In this case, it is quite apparent that the so-called factual mis-statements listed as items 'A' to 'F' in paragraph 44 of the grounds of detention are not mis-statements at all. The High Court rightly held that the alleged mistakes or infirmities pointed out were not so material or serious in nature as to vitiate the impugned order of detention and rightly observed that the facts stated in paragraph 44 of the grounds cannot be read in isolation and the grounds of detention have to be read as a whole with the accompanying documents and material. The grounds of detention was only one, viz., that the detenu was engaged 51 in activities prejudicial to the augmentation of foreign exchange and therefore it became necessary in the public interest to place him under detention. It cannot be said on a perusal of the grounds that there was no material on which the detaining authority could have acted. [74E; 78A-B] (b) The contention that, even if one of the grounds or reasons which led to the subjective satisfaction of the detaining authority is non-existent or misconceived or irrelevant, the order of detention would be invalid since it is not possible to predicate as to whether the detaining authority would have made an order for detention even in the absence of non-existent or irrelevant ground, cannot be accepted. That principle was enunciated by this Court some 30 years ago. With the change in law brought about by the introduction of s. 5A of the COFEPOSA Act that though one or more of the grounds of detention were found to be vague, non-existent, not relevant, not connected, irrational or invalid for any other reason whatsoever, the detention could be sustained on the remaining grounds, that principle no longer holds goods. [63A-C] Shibban Lal Saxena v. State of Uttar Pradesh & Ors., [1954] S.C.R. 418; Dr. Ram Manohar Lohia v. State of Bihar & Ors., [1966] 1 S.C.R. 709 and Pushkar Mukherjee & Ors. v.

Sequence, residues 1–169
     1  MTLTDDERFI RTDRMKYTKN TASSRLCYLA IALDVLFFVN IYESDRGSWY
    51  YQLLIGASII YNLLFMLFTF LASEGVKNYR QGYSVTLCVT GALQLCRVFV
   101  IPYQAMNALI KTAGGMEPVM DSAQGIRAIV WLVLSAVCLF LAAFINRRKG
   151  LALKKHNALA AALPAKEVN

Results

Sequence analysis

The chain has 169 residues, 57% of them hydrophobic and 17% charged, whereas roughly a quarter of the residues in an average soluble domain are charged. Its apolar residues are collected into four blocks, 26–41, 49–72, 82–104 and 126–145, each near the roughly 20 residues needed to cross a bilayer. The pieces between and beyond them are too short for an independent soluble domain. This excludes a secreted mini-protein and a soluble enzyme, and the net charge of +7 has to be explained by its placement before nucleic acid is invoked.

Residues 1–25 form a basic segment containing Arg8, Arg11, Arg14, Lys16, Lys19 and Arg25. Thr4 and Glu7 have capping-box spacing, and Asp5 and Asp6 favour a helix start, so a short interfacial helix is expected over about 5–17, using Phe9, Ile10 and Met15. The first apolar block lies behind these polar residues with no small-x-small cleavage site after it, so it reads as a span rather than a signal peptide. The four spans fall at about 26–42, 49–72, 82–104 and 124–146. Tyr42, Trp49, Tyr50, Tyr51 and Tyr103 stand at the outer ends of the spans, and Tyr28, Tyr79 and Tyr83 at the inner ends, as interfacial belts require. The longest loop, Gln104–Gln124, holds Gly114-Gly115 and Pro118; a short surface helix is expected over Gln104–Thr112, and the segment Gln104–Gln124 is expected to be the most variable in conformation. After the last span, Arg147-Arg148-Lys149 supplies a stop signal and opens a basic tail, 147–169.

State of West Bengal, [1969] 2 S.C.R. 635; referred to.

Mohd. Shakeel Wahid Ahmed v. State of Maharashtra & Ors., [1983] 2 S.C.R. 614; Asha Devi v. K. Shivraj, Additional Chief Secretary, [1979] 2 S.C.R. 215 and Kurjibhai Dhanjibhai Patel v. State of Gujarat, [1985] 1 Scale 964;

distinguished.